Author Topic: Rare glimpse into a unique inner universe  (Read 1611 times)

Devious Viper
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Rare glimpse into a unique inner universe
« on: August 04, 2006, 03:54:46 am »
Daniel Tammet can learn a new language from scratch in a week, do mental calculations to 100 decimal places and reel off every prime number up to 10,000. He also has a form of synaesthesia - the sensory cross-wiring that makes, for example, sounds into tastes or smells into sights. For him, numbers transform into colours, shapes and objects. They also have "personalities" - 11 is friendly, and 5 is loud. Five is also a clap of thunder. 37 is lumpy, like porridge. And Daniel's birth date - 1/31/79 - is blue.

Around 10% of autistic children are similarly gifted, but the real rarity about Daniel is not the unusualness of his mental universe, but that he can tell you what it is like.

Autistic people find it difficult to communicate and interact with other people, so their inner lives tend to be a closed book. Daniel's book, Born On A Blue Day, is more or less the firts report from inside the mind of an autistic savant.

The inner landscape described by Daniel is certainly strange. There are numbers, of course - pebble-like prime numbers, skyscraper-shaped 9's, shy little 4's. Where most people might take a mental wander through a pretty meadow to relax, Daniel will soothe his nerves by surrounding himself with his numerical friends.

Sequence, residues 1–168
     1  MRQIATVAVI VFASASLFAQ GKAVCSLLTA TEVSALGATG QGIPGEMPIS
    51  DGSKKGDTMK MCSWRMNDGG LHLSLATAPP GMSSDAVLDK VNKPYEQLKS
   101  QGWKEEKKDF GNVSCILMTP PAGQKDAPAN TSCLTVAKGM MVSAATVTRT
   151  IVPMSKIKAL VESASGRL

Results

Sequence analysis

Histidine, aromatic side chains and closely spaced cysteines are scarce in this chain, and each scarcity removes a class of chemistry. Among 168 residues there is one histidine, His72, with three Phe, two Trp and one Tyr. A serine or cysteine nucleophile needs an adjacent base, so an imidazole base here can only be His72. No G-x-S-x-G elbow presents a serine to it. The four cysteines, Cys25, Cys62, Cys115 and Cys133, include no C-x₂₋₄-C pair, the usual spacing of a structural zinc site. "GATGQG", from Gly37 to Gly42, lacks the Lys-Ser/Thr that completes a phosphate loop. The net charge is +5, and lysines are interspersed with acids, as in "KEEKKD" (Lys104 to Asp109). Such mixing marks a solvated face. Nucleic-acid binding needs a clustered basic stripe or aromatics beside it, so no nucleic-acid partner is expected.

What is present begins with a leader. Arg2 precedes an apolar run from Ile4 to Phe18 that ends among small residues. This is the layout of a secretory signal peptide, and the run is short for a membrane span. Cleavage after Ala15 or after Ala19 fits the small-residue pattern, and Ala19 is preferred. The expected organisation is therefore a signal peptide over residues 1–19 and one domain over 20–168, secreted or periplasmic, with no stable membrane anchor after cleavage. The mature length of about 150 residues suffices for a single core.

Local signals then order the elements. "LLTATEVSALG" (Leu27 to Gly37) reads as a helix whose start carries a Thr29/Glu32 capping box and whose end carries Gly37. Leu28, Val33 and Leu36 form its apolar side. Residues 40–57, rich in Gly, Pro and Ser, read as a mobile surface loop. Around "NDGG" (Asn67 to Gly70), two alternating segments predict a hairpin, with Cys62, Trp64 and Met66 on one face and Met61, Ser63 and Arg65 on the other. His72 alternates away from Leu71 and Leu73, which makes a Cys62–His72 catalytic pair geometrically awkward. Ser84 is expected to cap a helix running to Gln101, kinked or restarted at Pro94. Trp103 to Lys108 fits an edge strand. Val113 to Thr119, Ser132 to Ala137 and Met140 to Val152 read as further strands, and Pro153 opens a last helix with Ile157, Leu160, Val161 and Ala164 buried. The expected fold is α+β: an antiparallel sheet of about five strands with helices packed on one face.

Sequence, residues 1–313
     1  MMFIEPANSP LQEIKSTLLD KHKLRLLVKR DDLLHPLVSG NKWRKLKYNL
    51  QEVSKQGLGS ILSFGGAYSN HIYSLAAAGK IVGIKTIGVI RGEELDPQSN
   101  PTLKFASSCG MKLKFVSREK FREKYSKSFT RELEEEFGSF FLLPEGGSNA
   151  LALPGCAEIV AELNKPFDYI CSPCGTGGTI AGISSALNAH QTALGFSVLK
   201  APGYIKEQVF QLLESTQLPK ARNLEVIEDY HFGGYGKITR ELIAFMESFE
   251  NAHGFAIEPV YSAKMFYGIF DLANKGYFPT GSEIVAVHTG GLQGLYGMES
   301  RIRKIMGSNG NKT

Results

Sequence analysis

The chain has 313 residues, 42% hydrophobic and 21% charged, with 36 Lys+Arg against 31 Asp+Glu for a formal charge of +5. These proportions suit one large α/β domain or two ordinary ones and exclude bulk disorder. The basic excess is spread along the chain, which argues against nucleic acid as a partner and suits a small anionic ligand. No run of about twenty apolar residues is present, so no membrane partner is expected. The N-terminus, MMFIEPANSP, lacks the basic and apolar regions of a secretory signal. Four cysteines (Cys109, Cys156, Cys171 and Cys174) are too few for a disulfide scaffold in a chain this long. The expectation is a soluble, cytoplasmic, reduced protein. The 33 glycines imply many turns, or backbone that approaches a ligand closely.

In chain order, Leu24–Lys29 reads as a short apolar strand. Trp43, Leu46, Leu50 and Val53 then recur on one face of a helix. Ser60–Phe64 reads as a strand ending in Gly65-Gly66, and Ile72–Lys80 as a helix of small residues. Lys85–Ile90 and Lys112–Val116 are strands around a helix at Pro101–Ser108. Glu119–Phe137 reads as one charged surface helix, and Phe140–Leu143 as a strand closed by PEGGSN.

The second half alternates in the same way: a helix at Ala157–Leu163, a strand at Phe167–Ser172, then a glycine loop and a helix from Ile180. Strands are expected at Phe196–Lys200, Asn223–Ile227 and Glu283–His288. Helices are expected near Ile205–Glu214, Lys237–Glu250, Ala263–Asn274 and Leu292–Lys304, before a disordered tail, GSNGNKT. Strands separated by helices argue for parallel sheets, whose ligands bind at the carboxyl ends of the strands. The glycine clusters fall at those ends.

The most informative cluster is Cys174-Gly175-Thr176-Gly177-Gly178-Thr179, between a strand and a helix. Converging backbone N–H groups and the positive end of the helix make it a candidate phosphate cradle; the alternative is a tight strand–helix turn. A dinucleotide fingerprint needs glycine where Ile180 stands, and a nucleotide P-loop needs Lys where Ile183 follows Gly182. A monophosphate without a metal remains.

Calming his nerves is a constant necessity for Daniel because they are constantly jangled by sensory minutiae that most of us don't even register. A car's horn is as shocking to him as a gunshot might be to you or I. A light touch on the arm makes him squirm; the smell of cigarette smoke is intolerable. worry, confusion and fear abound.

Yet Daniel is oddly distanced from his emotions. As a child he recalls fleeing a classroom in tears after watching a TV programme about a haunted house. Yet during the film he felt nothing. Only when it ended "a switch was flicked in my head and I realised i was frightened." Whereas most of us know our emotions directly, Daniel has to actively work out what it is he feels.

Other people's feelings are even more obscure to him. As an adolescent he realised that he had a need, like everyone else, to be close to others. So - using his touchingly literal autistic logic - he started to stand very close to people he liked, "feeling the warmth from their bodies". Only after many hurtful rejections did Daniel learn that this is not the way to go about it.

Tammet is softly spoken, and shy about making eye contact, which makes him seem younger than he is. He lives on the Kent coast, but never goes near the beach - there are too many pebbles to count. The thought of a mathematical problem with no solution makes him feel uncomfortable. Trips to the supermarket are always a chore. "There's too much mental stimulus. I have to look at every shape and texture. Every price, and every arrangement of fruit and vegetables. So instead of thinking,'What cheese do I want this week?', I'm just really uncomfortable."

But you still feel as though you haven't quite got inside the mind of Daniel Tammet. The descriptions he offers of his mental processes are like those of an observer. It is almost as though Daniel himself is on the outside with us, trying, like the rest of us, to see what it is that makes him tick.

Daniel's website: http://www.optimnem.co.uk/


jordyn

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Re: Rare glimpse into a unique inner universe
« Reply #1 on: August 04, 2006, 07:23:50 am »